I do feel sorry for Antoinette.  She didn't always help herself re her partying and favouratism but she was in a rather impossible situation.  Everyone blamed her for not getting pregnant when it wasn't her fault and if she tried to involve herself in goverment she ran the risk of being labelled an Austrian spy.  Though I believe Maria Theresa loved her and wanted the best for her, the letters I've seen are full of constant criticism and don't make enough allowance for youth, homesickness and inexperience.

Mari, I've read about the visit of her brother that you mention.  I actually thought it was Maximillian rather than Leopold but certainly he made a bad impression.  He was fat, gauche and tactless and the courtiers at Versailles apparently dubbed him "The Auchfool"!

Offline prinzheinelgirl

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Re: Queen Marie Antoinette, Part II
« Reply #49 on: December 14, 2009, 06:26:31 PM »
I think that Louis and Antoinette were burdened by excessive expectancy from the moment they came to power.  Louis XV had been very unpopular in the last decades of his reign and because his successors were known to be kind and compassionate (which they both were) people expected miracles.  Nobody made sufficient allowances for the fact they were both young, inexperienced and facing a mountain of problems that even the greatest minds of the day would have stuggled to solve.

Nancy Mitford also suggested that one of the reasons Antoinette suffered such abuse/slanders was because Louis had no mistress.  Historically the royal mistress had been a hate figure.  All problems could be blamed on her so allowing the French people to carry on loving their King.  As there was no mistress to direct the hate at, it was directed at Antoinette herself.

I do feel sorry for Antoinette.  She didn't always help herself re her partying and favouratism but she was in a rather impossible situation.  Everyone blamed her for not getting pregnant when it wasn't her fault and if she tried to involve herself in goverment she ran the risk of being labelled an Austrian spy.  Though I believe Maria Theresa loved her and wanted the best for her, the letters I've seen are full of constant criticism and don't make enough allowance for youth, homesickness and inexperience.

I also believe that there was quite an excessive expectancy at how Louis XVI and MA can usher in a new era through their reign from the people. I also believe they had the best intentions; we see that sweet letter from MA to Maria Theresa about how she and the king were touched at the people's affection for them, therefore they must work harder than ever for their people's happiness.  Sadly, whether due to inexperience, lack of foresight, being taken advantage of by unscrupulous people, the inherited problems from Louis XV's reign, inept ministers, the 'isolation' of Versailles from the rest of France, court factions, etc. (or a combination of it all), we see Count Mercy writing to Vienna in 1787: "When waste and unthrift deplete the royal treasury, there arises a cry of despair and terror. Thereupon the finance minister has recourse to disastrous measures..... However, in the last analysis, it is certain that the present government is worse than that of the late King in respect to disorderliness and extortion.  Such a condition of affairs cannot possibly continue much longer without a catastrophe resulting."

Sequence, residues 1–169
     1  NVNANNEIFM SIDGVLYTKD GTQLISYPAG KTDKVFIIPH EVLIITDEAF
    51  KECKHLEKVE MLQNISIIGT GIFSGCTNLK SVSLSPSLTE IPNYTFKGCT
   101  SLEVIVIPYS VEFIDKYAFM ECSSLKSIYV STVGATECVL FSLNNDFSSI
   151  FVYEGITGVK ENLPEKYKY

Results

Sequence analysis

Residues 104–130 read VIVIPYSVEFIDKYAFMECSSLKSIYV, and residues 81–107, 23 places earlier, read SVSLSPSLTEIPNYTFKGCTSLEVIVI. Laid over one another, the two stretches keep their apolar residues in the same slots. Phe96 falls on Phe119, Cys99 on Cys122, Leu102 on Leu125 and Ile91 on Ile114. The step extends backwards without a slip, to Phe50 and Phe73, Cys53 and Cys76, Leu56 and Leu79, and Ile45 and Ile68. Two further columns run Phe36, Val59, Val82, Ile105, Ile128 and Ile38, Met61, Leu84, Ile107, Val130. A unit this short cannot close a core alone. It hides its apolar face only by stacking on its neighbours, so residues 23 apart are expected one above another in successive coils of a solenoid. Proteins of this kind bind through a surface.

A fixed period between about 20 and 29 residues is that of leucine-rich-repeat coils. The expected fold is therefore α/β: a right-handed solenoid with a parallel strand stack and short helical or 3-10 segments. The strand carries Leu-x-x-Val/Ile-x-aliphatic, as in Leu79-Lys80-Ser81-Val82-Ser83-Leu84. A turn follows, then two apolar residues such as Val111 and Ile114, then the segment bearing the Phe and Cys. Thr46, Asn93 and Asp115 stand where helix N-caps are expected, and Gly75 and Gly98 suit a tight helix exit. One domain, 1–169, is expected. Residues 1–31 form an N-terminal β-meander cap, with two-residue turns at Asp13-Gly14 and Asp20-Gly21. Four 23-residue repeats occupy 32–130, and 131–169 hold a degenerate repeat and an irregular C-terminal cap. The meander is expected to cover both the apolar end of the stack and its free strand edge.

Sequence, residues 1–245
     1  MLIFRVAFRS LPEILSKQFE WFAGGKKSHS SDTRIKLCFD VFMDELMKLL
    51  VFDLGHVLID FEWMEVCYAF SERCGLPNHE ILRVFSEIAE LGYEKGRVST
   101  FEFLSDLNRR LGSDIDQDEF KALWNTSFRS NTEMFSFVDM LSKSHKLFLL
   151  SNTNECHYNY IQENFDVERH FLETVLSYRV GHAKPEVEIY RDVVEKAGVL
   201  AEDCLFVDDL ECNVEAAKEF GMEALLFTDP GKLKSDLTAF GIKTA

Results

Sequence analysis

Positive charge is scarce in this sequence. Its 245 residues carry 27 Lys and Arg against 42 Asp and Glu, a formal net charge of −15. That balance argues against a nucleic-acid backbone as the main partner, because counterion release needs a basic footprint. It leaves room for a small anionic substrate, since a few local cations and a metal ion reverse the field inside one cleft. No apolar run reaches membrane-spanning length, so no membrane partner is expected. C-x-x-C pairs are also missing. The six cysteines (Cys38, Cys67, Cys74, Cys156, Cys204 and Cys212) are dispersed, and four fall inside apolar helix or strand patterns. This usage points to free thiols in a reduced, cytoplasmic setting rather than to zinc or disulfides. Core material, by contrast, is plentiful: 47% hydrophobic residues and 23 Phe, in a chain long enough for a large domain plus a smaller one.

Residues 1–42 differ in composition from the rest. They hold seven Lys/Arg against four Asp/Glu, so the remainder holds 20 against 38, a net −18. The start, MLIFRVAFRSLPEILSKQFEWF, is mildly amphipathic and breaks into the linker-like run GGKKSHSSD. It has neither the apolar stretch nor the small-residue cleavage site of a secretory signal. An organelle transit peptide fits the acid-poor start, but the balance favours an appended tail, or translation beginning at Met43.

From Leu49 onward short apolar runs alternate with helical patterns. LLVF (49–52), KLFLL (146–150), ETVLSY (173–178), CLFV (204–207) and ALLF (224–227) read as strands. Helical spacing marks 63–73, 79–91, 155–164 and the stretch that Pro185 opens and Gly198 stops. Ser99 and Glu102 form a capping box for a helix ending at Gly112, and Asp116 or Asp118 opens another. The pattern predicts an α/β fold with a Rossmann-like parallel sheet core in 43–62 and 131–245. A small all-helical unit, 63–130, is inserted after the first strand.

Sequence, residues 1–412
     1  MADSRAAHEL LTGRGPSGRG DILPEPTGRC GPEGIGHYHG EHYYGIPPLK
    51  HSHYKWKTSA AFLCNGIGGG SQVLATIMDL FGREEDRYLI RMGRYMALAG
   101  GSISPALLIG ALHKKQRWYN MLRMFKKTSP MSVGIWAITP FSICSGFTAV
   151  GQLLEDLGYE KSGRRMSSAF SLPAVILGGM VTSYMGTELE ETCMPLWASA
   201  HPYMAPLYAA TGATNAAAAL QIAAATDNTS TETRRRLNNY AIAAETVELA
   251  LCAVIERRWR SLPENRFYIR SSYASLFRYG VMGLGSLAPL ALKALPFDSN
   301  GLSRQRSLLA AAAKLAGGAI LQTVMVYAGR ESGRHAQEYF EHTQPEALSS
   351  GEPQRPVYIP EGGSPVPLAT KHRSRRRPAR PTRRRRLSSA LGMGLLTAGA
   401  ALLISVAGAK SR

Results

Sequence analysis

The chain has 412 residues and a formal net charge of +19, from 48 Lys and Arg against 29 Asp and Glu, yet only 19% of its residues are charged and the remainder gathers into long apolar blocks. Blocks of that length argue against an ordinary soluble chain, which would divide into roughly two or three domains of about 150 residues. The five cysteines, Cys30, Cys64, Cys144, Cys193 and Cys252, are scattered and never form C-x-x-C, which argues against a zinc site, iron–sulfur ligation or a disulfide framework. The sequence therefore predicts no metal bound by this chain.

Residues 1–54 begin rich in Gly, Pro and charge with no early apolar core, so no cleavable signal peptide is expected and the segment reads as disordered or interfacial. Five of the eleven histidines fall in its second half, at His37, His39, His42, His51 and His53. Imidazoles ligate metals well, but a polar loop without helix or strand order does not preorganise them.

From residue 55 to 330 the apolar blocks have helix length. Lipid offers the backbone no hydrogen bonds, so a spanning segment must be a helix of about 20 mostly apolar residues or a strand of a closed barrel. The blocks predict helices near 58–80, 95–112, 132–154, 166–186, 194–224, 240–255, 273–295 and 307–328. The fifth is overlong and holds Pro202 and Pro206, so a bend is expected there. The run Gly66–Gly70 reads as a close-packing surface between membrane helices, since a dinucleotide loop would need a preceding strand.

« Last Edit: December 14, 2009, 06:35:01 PM by prinzheinelgirl »
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Offline prinzheinelgirl

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Re: Queen Marie Antoinette, Part II
« Reply #50 on: December 14, 2009, 06:52:27 PM »
I am sure like all Mothers Maria Theresa scolded ,advised and worried about her Children.. However according to Belloc Maria Theresa first sent a series of critical letters to Marie Antoinette over her treatment of Du Barry. The scandal was great enough that the King of France would seek to introduce a low bred Mistress to his new Daughter-in-law that three of the Women of the Court resigned. However MT needed France's support because Russia and Prussia were in the midst of dividing Poland and Vienna needed a French Alliance. So in this instance the letters were a little prejudiced towards Austria's needs.  :)

Belloc admits Marie Antoinette's love for outings and balls and her gambling when She was young  he states that her debt was way out of proportion in the French eyes as to what actually existed..  he states " that after two years her debt was less than 20,000 her difficulties were never so bad he states that the sale of a farm wouldn't have met them. These are he states roughly from eighteen to twenty and her mother promptly sent Joseph over to report on everything.  Bassette and other forms of gambling had been a part of the Nobility for generations. Even Louis XIV wife had debts at about the same or even higher rate so I don't think that M Antoinette could have set the pace on that. Would it have alienated her even further from the Court if she had not joined in those evenings? It seems to me the only scoldings were coming from the Austrian side who had little tolerance with the Court entertainment of the French! I have run into the Bourgeois family environment of the Vienna Court  description used  several times in Historical documents. I think the family environment and the entertainments of the Children are what Marie Antoinette tried to later recreate as a Woman in her late twenties.